There is an interesting, if perhaps predictable, June 17 Bloomberg article by Patricia Lui that discusses China’s holding of US dollar reserves. According to the article:
China is adding to its holdings of U.S. assets, data from the U.S. government showed yesterday, easing concern the Asian nation will sell dollar investments. Total holdings of U.S. equities, notes and bonds among foreign investors rose by a net $115.1 billion in April from $79.6 billion the previous month, the Treasury Department said yesterday in Washington. China’s holdings of Treasuries gained $11.4 billion to $502 billion, holdings of U.S. agency debt rose $11.9 billion and U.S. corporate bond investments increased $6.9 billion, data showed.
The discussion about whether or not China will continue funding the US deficit by buying dollar assets has been going on for a long time, and has caused an unnecessary amount of alarm among analysts worried about the consequences of a possible Chinese decision to stop buying dollar assets – without Chinese purchases of US securities, they worry, how can the US possibly finance its ballooning trade deficit? Yet time after time the data show that China continues to add to its dollar hoard – sometimes in amounts close to or even greater that the US deficit, as Brad Setser recently implied – and so for a little longer those concerns “ease”.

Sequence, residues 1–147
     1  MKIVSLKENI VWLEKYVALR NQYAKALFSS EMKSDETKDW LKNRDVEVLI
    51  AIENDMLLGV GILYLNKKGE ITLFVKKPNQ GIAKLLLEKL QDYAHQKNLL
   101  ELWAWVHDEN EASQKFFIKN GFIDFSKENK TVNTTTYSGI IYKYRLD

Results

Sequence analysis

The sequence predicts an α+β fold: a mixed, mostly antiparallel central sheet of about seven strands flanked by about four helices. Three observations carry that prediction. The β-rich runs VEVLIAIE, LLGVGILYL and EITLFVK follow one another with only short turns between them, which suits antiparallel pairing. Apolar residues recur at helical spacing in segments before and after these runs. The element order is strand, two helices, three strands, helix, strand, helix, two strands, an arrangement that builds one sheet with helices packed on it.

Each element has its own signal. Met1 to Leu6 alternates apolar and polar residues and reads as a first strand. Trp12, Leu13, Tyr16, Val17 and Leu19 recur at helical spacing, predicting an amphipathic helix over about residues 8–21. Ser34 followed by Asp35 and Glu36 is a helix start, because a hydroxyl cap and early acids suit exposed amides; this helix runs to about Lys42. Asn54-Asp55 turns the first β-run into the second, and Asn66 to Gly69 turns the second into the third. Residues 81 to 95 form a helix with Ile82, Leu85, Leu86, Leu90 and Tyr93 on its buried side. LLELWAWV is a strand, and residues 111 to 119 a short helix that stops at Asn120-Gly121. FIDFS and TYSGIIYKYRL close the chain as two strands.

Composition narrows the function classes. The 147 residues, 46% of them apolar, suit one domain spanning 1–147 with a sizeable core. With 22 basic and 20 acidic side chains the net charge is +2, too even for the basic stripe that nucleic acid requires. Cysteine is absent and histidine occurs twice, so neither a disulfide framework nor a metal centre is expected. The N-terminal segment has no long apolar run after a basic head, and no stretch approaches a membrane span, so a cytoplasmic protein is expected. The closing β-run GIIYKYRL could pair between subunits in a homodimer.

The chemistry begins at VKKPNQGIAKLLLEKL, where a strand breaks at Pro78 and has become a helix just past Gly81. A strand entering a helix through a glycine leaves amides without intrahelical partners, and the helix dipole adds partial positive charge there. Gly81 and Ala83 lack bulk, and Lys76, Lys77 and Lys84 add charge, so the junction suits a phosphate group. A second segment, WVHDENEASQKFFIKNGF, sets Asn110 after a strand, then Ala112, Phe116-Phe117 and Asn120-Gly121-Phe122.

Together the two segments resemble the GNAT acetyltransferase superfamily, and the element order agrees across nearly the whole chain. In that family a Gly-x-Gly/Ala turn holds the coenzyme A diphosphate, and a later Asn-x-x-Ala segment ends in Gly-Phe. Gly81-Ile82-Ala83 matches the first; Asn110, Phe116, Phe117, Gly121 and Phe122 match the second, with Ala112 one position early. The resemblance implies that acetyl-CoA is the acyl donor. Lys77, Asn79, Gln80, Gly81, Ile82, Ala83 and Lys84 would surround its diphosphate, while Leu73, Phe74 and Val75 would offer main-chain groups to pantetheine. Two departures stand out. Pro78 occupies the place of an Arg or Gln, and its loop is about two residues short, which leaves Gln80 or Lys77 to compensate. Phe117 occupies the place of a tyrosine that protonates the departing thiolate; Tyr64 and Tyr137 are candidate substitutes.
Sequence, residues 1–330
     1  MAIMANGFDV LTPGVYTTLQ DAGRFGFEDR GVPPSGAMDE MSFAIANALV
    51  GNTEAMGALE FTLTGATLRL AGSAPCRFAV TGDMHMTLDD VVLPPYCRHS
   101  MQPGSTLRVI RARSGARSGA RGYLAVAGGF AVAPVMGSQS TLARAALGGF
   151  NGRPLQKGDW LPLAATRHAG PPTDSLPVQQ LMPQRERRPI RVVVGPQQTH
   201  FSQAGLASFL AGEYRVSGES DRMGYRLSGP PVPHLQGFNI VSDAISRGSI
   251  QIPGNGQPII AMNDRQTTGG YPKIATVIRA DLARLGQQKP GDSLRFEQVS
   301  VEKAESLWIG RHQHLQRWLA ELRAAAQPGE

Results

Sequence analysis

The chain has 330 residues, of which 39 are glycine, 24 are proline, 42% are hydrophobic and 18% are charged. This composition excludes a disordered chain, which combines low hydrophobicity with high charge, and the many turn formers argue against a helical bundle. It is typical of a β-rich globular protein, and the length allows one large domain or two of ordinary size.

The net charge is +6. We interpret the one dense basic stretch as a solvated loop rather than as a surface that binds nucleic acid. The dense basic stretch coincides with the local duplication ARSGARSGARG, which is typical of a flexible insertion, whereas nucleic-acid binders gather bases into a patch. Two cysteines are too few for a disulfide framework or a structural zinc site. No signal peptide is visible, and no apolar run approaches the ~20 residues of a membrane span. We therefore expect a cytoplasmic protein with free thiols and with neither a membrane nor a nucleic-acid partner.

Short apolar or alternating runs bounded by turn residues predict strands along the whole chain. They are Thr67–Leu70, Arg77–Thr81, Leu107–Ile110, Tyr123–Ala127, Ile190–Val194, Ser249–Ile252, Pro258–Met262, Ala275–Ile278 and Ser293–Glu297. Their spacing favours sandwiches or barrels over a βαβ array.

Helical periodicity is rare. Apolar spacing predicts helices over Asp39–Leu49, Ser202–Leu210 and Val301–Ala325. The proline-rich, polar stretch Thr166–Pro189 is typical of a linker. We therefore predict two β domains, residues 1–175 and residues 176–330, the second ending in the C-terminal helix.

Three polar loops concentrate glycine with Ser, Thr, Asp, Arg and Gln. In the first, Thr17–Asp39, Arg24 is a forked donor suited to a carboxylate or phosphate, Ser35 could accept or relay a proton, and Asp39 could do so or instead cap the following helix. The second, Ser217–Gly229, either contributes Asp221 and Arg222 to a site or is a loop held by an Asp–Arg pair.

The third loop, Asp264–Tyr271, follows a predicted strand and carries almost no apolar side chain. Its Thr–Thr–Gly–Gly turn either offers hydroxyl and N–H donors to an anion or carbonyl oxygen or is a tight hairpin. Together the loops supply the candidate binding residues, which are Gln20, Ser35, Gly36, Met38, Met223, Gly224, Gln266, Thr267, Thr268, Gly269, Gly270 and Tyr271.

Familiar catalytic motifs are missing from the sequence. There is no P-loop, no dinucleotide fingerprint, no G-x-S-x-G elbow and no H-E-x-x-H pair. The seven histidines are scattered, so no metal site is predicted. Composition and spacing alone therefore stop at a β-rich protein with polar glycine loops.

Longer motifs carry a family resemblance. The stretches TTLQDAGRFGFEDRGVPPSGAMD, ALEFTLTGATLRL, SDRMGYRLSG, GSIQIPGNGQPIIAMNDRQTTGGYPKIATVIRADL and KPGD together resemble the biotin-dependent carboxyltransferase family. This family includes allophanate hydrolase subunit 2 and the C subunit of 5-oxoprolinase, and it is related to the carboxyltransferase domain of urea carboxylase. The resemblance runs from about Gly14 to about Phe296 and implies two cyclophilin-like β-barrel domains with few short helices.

If you believe that the explosive growth in the US trade deficit since the late 1990s was caused primarily by a sudden massive increase in the desire of US consumers to consume, then it may make sense to worry about how the deficit must be financed. After all according to this view, the cost of out-of-control consumption by Americans exceeds American income, and so this requires some foreign saver to finance the consumption. At the individual level it was the wealth effect of rising stock markets and real estate prices that allowed Americans to increase their consumption, but in the aggregate a country running a current account deficit by definition needs external financing. Should this financing stop, US consumption would have to drop drastically in order to eliminate the current account deficit, and with it the US (and world) economy would slow sharply.